What Congress Desires From Huge Tech

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There was so much screaming at first. And now action is taken. (May be.)

The bad mood over the power of big tech companies has a new and perhaps surprising development: the House legislature has written a package of legislative proposals that, if anything happens – a very big “if” – Google, Facebook, and Amazon Apple could fundamentally change the way we know it.

I asked my colleague Cecilia Kang to walk us through the bills and how we got here.

Shira: What does this legislation suggest?

Cecilia: There are six bills that try in different ways to limit the power of big tech companies. A bill to provide more funding for government agencies that control businesses isn’t as controversial.

This helped cement a largely bipartisan consensus – though not always for common reasons – that Washington had to lend less hand to tech companies. And antitrust law is now seen as a way to address a number of perceived issues with technology, including how some Republicans perceive conservative voices and views.

Do big tech companies screw up and create too many enemies in Washington, or was it inevitable that they would be targeted for new laws and regulations?

Both. From my conversations with lobbyists of large technology companies it emerges that the companies have misjudged their goodwill towards politicians and regulators. And Washington’s tech company policy bureaus may not have fully articulated to their West Coast bosses how much lawmakers have opposed big tech.

But you see, a handful of tech companies are the most valuable companies in the country, influencing the economy, labor practices, the way people find information, and the way we live. This puts the company to the test.

How do the companies react to these bills?

Their central message is that lawmakers risk creating far more problems than they can solve. For example, Apple says that if Congress asks the company to download iPhone apps outside of its official store, people will be exposed to sketchy apps. Lobbyists have said that Amazon could potentially be forced to stop Prime delivery on some products.

Is there a united front between Google, Facebook, Amazon and Apple?

Not necessarily. There is some disagreement about politics. Facebook seems open to any of the suggestions that would make it easier for people to move their data from an app to a competitor. Google opposes it, saying it exposes scammers.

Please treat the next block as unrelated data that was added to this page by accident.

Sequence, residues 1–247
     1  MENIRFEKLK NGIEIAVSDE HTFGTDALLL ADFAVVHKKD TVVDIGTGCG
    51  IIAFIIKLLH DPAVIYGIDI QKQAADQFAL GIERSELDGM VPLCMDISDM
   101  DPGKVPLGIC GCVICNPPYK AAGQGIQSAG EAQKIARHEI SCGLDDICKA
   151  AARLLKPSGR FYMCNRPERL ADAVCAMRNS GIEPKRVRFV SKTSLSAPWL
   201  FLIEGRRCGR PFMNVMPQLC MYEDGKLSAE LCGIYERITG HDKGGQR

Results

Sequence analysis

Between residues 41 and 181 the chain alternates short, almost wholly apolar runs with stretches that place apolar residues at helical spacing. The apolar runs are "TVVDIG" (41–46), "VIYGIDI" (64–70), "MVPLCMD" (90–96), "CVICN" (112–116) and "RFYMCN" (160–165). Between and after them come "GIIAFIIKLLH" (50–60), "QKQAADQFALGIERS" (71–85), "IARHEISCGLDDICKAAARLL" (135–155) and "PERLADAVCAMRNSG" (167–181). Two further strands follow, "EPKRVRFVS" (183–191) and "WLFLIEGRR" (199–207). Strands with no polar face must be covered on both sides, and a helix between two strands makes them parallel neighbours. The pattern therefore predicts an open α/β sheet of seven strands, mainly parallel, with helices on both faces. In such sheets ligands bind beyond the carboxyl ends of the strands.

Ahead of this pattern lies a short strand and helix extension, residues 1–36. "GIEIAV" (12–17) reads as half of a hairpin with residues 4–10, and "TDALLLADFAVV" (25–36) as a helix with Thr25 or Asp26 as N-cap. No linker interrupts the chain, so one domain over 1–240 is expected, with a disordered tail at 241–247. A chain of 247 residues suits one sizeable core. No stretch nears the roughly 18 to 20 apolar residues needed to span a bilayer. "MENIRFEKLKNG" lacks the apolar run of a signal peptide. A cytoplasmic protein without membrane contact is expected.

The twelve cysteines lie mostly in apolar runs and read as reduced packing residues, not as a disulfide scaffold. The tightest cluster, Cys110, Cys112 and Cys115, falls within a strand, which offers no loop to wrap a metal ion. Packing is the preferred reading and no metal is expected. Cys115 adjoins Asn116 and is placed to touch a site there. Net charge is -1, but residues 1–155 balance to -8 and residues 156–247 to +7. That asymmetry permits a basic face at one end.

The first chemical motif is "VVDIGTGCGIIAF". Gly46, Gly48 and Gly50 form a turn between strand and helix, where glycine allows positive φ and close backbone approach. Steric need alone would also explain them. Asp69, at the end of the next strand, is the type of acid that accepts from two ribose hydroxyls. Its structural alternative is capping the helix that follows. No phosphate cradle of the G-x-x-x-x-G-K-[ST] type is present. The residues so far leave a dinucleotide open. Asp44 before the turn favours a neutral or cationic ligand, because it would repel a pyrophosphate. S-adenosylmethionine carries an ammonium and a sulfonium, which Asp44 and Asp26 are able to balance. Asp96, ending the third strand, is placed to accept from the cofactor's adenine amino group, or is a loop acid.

There is also anger inside. It’s not just the biggest tech companies that resent Facebook for what they think the company has done to tarnish the entire industry. A lobbyist told me that after many scandals, Facebook is finding it difficult to take action against antitrust law. Apple, which is at odds with Facebook in almost every way, is effectively lobbying lawmakers on behalf of Facebook and Facebook.

Sorry for the cynicism, but what if Big Tech was just waiting for it Divisions and struggle among the legislators to kill the legislature?

Are you sure you haven’t been lobbying ?! It’s a classic strategy, and it’s not an illogical bet that Congress won’t work together. But these antitrust laws, especially those that make acquisitions difficult or force companies to close down, are existential threats to big tech. Businesses have to fight it.

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  • Can ecommerce giants help India’s shopkeepers? The 20 million small shops in India known as kiranas dominate shopping in the country. Bloomberg News reports that Amazon and Walmart’s own ecommerce site Flipkart are teaming up with the stores – including providing inventory management apps and using the stores to ship deliveries – to sell more goods in Indian communities .

  • DR. Save yours? Wired writes that a Reddit forum called DiagnoseMe, where people ask strangers for medical advice, isn’t as bad as it sounds. DiagnoseMe is pretty good at self-monitoring and encourages people to stand up for themselves in the sometimes hostile healthcare system.

Why did mom and her ducklings cross the street? Go to a bagel shop. (They later made it safely to a park.)

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